Anna Wenzel, associate professor of chemistry at Claremont McKenna College and chair of the chemistry division in the Keck Science Department, has received a prestigious grant to provide mentorship this summer that will support the ongoing research of Ellen Berkley ’18.
According to Wenzel, Berkley’s research concerns the [3,3]-sigmatropic rearrangement of allyl vinyl ethers, the Claisen rearrangement, which is a prominent method for the rapid construction of carbon-carbon bonds. Wenzel says Berkley will be working on the first enantioselective allenoate Claisen rearrangement reaction, which recently was discovered in Wenzel’s lab by Berkley, Rachael Hamilton SCR’16 and Iain Laufer ’17.
“There is a growing demand for mild, selective and sustainable synthetic routes for the preparation of organic compounds,” Wenzel says. “In particular, catalysts that facilitate the preparation of pharmaceuticals, agrochemicals, and other materials are highly sought after. The proposed research addresses a fundamental need for readily available, ‘user-friendly’ catalysts to provide building blocks for pharmaceutical and materials science applications.”
The grant, called the Organic Syntheses, Inc. Grant for Summer Research at an Undergraduate Institution, totals $8,000, of which $5,000 is for a summer stipend for a minimum of 10 weeks of research by Berkley in Wenzel’s lab. The other $3,000 is to cover the cost of materials and supplies.
The research is an independent research project that Berkley will complete as part of her senior thesis in chemistry. Timothy Gallagher ’19 will assist Berkley; Wenzel will supervise this project — providing instrument and synthetic training and experimental guidance.
“The goal is to publish this research in a peer-reviewed publication by the end of the year,” Wenzel says. “In addition, due to selection into the Org. Syn. Program, there is the opportunity to publish our synthetic protocols in the journal Organic Syntheses. Since 1921, Organic Syntheses has provided the chemistry community with detailed, reliable and carefully checked procedures for the synthesis of organic compounds. Procedures describe important synthetic methods with general utility.”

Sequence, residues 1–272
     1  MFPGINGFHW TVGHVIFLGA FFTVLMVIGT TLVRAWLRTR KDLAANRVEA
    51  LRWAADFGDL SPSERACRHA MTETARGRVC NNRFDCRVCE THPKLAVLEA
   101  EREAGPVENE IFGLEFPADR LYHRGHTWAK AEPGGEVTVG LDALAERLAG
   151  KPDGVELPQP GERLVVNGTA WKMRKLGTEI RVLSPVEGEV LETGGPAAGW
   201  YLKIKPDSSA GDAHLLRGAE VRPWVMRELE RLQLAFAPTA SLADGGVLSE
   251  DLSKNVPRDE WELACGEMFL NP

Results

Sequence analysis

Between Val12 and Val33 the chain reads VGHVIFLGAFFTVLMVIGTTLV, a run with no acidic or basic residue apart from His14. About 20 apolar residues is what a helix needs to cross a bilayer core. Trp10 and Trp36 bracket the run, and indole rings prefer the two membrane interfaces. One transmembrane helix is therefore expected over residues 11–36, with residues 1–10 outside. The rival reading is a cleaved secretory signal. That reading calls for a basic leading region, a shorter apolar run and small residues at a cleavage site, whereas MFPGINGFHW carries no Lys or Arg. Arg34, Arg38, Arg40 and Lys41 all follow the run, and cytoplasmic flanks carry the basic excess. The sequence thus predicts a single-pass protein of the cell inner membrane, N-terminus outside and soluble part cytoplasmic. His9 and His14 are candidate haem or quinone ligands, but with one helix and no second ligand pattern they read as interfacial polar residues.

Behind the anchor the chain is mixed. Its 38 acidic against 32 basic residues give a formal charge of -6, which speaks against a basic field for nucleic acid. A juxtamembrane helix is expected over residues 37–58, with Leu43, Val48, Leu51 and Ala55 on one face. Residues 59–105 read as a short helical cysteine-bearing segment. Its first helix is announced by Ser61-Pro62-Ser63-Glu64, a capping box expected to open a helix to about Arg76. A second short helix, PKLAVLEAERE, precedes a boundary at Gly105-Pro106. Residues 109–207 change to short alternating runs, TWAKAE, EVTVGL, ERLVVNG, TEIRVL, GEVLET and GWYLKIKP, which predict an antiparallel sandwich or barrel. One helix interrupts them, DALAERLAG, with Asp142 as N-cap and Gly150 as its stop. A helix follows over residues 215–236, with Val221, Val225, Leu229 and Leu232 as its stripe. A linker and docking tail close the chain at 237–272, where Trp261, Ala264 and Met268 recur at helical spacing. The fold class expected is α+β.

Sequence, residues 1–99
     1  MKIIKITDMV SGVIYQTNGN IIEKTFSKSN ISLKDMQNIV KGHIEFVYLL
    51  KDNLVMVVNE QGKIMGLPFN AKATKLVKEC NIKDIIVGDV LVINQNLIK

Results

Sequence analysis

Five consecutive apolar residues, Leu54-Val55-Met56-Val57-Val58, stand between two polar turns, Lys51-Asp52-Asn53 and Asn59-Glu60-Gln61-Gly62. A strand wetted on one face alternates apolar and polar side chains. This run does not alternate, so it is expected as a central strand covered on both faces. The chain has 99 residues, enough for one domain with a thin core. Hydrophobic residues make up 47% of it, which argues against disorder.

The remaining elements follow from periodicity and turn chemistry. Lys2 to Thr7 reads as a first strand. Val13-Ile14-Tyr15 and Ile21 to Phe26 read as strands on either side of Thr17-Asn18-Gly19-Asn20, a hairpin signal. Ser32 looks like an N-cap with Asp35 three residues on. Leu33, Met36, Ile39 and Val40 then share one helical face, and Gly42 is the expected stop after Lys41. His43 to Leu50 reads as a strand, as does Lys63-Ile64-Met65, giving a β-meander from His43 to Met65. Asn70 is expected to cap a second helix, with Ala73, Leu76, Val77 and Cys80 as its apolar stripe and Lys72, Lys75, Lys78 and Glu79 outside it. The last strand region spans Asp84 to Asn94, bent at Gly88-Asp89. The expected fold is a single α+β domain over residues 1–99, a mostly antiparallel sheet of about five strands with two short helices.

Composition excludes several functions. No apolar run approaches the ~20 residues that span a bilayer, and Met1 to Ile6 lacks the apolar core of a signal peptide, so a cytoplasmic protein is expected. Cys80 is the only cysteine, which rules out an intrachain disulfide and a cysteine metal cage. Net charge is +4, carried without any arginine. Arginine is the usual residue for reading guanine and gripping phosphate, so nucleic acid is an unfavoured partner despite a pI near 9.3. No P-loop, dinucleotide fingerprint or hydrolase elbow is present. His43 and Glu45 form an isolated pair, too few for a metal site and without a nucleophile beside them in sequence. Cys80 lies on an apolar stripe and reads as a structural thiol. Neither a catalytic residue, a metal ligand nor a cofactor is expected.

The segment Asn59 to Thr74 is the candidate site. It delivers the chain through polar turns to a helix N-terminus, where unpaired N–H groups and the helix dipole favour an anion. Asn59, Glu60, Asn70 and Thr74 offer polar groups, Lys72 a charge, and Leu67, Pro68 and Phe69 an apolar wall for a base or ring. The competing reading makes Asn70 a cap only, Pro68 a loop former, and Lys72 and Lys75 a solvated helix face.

Berkley, who is majoring in Science and Management with a Biotechnology Sequence and who will apply to pharmacy school this summer, was excited when she found out that her project would be supported by the Organic Syntheses grant.
“The Claisen project is a special project that has been going on for many years and there have been several senior theses written on different discoveries within the project,” she says. “This grant allows me the opportunity to continue the work that I started last year and to expand upon the research for my own senior thesis. Receiving this grant continues to validate and reinforce how important this research is to the chemistry field and to the valued role that Keck Science Department, Professor Wenzel and the students have.”
According to Berkley, receiving this grant inspires everyone to work even harder to accomplish as much as possible during the summer of research. “From a practical standpoint, this grant will be extremely helpful to not only cover the cost of housing and food this summer, but it will also dramatically help me fund my pharmacy school applications, as well as the PCAT,” she says. “I am so thankful for this incredible opportunity.” (The PCAT is the Pharmacy College Admission Test.)